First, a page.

Pilewort or Lesser Celendine

PILEWORT for…..yes that’s right, PILES!
Or Lesser Celendine
(Ranunculus ficaria)  Ranunculaceae or Buttercup family

This is one of the early spring flowers to lift the spirits after winter along with snowdrops, crocuses, daffodils, helebores, winter aconite and windflowers. Spring is really on the move now with some citings of medicinal plants such as coltsfoot flowers, violets, primroses, lesser periwinkle, ground ivy, dandelions, daisies etc.

Lesser celendine is also a medicinal plant. It’s therapeutic action is that of a straight forward Astringent, specifically used for the treatment externally of Haemorrhoids or Piles or indeed varicose veins. The whole plant can be used but there is more of a reputation for the root being used. It’s use in this respect can be traced back to Culpeper and Gerard when the doctrine of signatures was still prevalent in Medieval Britain. If you unearth a bit of the root you will see that they do bear a lot of resemblance!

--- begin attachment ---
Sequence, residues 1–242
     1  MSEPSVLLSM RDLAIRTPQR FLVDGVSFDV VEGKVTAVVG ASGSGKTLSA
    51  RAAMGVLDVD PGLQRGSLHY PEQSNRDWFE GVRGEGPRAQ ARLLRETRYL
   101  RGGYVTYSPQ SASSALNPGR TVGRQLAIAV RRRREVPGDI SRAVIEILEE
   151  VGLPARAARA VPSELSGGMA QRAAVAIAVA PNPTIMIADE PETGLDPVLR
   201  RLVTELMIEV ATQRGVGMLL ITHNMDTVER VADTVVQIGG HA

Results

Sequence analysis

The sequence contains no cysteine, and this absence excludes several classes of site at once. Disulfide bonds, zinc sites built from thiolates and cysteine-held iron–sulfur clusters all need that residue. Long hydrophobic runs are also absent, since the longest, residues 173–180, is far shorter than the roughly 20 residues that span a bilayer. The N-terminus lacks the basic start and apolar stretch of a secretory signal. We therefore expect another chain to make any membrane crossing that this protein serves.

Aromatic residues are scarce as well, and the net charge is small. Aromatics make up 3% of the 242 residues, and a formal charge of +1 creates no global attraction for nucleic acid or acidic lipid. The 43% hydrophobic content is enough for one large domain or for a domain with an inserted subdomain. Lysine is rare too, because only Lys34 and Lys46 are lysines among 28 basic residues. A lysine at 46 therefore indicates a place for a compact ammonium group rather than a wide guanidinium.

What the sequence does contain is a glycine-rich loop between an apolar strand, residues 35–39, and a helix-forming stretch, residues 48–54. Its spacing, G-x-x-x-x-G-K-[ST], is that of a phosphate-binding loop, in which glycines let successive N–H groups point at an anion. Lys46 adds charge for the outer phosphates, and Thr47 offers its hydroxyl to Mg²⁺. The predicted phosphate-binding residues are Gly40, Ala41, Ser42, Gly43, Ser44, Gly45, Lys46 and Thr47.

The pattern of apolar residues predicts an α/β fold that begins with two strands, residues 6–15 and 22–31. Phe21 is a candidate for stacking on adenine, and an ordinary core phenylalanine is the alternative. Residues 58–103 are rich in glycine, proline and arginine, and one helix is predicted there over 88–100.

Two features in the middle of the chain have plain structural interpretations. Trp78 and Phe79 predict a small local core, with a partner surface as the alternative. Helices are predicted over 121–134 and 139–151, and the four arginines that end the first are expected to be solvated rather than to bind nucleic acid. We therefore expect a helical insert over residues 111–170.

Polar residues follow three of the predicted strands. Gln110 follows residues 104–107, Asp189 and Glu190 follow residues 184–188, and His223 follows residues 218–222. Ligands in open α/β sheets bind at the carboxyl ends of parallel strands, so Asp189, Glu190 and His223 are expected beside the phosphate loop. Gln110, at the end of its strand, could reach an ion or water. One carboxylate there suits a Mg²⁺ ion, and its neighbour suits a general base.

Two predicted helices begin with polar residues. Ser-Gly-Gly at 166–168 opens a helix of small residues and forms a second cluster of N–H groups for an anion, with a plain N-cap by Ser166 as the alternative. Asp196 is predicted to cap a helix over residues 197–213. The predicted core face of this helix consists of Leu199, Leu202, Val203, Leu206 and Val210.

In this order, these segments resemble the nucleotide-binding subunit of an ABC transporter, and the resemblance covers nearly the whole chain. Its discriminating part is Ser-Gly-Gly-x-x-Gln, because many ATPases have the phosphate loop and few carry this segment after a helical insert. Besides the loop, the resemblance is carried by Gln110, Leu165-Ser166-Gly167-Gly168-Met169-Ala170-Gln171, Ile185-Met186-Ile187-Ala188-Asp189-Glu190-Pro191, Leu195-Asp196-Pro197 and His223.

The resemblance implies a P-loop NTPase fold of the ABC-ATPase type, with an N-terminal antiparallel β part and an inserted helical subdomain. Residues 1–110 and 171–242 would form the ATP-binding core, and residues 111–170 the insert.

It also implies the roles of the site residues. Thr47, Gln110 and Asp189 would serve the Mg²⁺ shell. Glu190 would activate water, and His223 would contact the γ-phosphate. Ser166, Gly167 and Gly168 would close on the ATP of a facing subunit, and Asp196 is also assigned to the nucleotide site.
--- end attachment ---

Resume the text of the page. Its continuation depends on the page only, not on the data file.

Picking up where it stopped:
You can make an ointment or for the die-hards, suppositories out of the fresh root but care must be taken to ensure prolonged heating of the fresh plant as it contains protoanemonin ( a vesicant or blistering agent). Many plants of the Ranunculacea or Buttercup family contain this. However, with the heating or drying process it is converted to the more stable anemonin.

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